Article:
The Roundup -

LYIP Attorneys File Final Reply Brief

 

December 13, 2017 | View PDF



On Monday, December 4, attorneys for Lower Yellowstone Irrigation Project filed the final reply brief to the 9th Circuit Court of Appeals to end the injunction on construction of the concrete weir and fish bypass at Intake. Oral arguments in the case should be heard in March, probably in Portland, OR. The Plaintiffs (Defenders of Wildlife, et al) are asking for further delay until after Judge Morris makes his final decision. To further complicate matters, Montana Trout Unlimited and the American Fisheries Society have asked to file an amicus brief alleging that the concrete capped weir will block off fish passage for all species in the Yellowstone River.

In the legal brief, LYIP attorneys argue that” the district court abused its discretion when it granted a preliminary injunction against a project that will substantially improve the likelihood of survival and recovery of an endangered species. The Army Corps of Engineers and the Bureau of Reclamation recognized that the Intake Diversion Dam (a submerged rock-filled weir) is a barrier to upstream passage for the endangered pallid sturgeon. The agencies sought to improve fish passage and restore the ecosystem while continuing to irrigate nearby farmland.”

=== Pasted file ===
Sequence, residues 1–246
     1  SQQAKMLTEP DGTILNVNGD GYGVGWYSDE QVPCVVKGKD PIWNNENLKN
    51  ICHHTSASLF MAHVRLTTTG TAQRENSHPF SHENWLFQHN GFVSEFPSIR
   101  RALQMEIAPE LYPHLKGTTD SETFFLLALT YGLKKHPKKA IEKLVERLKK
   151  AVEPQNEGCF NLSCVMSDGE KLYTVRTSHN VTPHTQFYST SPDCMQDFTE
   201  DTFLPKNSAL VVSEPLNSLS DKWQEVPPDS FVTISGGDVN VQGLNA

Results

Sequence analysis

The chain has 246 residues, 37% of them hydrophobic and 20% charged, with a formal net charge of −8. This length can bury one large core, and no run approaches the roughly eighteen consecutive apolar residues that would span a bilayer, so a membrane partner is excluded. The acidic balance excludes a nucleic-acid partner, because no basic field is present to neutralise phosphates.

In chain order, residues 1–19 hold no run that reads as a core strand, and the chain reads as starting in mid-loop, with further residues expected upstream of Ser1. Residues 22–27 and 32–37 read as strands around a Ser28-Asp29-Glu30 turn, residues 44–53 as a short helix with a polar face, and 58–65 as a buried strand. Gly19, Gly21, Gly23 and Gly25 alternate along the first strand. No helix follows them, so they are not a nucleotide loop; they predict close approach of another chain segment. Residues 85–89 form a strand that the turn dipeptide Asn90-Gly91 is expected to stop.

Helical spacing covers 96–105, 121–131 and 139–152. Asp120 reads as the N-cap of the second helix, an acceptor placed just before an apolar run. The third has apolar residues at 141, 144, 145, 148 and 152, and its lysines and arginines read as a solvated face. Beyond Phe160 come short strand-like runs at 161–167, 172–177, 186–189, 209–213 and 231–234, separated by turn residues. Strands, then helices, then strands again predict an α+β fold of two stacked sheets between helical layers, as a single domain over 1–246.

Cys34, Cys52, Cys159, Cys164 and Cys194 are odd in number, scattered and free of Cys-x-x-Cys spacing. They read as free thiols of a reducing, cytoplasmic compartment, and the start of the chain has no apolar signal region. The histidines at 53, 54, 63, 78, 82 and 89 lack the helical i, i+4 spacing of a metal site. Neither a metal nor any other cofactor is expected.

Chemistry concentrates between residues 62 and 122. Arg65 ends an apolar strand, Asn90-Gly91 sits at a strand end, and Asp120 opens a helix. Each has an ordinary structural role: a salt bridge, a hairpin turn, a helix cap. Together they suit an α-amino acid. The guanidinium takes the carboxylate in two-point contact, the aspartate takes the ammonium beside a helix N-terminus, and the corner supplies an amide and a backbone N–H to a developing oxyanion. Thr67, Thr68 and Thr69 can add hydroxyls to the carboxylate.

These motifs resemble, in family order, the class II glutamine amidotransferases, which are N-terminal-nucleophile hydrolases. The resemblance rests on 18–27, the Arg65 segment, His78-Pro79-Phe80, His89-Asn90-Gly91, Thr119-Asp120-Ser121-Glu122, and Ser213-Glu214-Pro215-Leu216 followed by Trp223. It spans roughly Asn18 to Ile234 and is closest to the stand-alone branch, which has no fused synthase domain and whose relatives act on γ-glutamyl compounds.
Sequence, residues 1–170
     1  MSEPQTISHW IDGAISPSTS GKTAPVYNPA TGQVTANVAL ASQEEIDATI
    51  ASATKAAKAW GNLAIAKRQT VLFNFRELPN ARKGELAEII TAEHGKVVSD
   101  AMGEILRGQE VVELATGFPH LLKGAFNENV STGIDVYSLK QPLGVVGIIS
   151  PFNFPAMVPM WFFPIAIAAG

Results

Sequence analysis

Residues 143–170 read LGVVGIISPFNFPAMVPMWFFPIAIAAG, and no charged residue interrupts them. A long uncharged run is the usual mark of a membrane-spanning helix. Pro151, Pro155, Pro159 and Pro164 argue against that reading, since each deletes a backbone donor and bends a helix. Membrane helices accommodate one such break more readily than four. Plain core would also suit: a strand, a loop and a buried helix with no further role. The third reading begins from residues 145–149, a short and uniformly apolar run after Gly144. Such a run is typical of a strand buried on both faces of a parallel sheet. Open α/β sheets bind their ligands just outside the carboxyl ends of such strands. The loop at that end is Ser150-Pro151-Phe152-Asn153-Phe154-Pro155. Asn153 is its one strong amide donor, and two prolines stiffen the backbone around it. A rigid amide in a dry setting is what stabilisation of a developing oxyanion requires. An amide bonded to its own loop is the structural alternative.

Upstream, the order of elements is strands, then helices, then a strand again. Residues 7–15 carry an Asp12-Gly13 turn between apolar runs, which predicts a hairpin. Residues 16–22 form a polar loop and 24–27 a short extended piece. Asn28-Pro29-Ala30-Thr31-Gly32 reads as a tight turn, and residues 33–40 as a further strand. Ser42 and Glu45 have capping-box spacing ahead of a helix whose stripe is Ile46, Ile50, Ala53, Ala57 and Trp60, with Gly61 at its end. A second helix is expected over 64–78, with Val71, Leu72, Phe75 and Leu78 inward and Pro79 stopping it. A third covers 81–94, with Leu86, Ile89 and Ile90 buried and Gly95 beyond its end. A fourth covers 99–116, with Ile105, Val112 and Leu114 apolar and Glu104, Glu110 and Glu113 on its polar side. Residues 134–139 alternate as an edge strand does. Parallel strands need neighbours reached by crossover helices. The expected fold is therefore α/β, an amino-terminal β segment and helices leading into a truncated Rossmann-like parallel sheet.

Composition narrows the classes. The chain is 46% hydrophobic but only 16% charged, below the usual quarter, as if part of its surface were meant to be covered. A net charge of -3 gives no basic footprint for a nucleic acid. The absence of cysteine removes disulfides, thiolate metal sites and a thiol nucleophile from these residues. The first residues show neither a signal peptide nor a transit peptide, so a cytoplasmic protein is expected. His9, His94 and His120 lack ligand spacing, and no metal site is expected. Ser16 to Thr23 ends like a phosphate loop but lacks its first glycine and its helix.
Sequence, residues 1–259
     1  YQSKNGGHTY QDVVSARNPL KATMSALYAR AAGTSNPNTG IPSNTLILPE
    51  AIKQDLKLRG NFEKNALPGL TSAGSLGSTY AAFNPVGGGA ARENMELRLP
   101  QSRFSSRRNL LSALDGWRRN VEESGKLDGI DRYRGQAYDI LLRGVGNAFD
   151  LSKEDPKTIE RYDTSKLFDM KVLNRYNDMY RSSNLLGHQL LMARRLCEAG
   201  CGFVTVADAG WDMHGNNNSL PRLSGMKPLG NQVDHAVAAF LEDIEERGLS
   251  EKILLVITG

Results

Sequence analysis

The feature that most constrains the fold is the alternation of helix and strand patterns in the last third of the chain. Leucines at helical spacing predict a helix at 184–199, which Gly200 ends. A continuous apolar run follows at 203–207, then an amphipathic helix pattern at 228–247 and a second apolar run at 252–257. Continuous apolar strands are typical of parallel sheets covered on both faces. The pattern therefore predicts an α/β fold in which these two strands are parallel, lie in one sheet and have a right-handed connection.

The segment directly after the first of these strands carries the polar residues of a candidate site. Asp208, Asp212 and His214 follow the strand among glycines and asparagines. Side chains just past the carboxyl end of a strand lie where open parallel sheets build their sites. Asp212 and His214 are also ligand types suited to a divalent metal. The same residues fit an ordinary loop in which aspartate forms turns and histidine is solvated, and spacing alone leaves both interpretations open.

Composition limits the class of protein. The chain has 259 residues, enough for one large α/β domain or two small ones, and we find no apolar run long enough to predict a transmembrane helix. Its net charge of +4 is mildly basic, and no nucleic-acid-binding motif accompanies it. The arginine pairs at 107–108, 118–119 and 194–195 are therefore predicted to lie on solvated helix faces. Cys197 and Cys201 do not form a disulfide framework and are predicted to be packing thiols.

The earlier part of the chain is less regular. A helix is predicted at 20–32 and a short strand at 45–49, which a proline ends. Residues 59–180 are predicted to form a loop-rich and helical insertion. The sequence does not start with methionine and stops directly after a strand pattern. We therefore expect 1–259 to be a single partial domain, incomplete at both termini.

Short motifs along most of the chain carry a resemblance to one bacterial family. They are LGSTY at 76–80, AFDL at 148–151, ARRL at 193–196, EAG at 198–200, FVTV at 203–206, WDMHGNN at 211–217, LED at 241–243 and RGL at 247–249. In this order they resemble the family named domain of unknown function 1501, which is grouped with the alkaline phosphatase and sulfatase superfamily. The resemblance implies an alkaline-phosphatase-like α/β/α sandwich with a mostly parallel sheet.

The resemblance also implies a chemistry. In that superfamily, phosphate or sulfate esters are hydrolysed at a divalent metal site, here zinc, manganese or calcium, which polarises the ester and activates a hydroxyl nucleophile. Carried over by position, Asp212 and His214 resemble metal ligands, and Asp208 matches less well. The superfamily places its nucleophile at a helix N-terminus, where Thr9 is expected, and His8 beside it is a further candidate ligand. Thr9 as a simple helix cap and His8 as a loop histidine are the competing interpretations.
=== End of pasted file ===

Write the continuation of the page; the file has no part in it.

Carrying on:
The brief goes on to say that, despite the plaintiffs allegations, there is no “irreparable harm” caused by the project. The existing weir constitutes the reason that pallid sturgeon cannot swim upriver. The preliminary injunction preserves the status quo and does nothing to improve fish passage.”

The brief also addresses the concerns at the time of the initial 2015 injunction and the steps taken by the federal agencies to address those concerns, including an 800 page environmental impact statement and consultation with and approval by the Fish & Wildlife Service of the new plan.

The plaintiffs wish for an open river, without any regard to the devastating impacts on the farmers and communities served by LYIP. Their suggestion that pumps could be used to provide irrigation water is soundly refuted. “The corps analyzed each alternative and determined that the bypass channel alternative was the most cost-effective and avoided unacceptable adverse impacts to the aquatic ecosystem.”

The conclusion to the brief is “This Court should vacate the district court’s preliminary injunction order.”

“This is the LYIP Attorney’s opinion of plaintiffs claims in the lawsuit. We can only hope that the Appeals Court agrees with us,” stated LYIP project manager James Brower. Amen to that.

 

Reader Comments
(0)

 
 

Powered by ROAR Online Publication Software from Lions Light Corporation
© Copyright 2017

Rendered 06/23/2018 23:46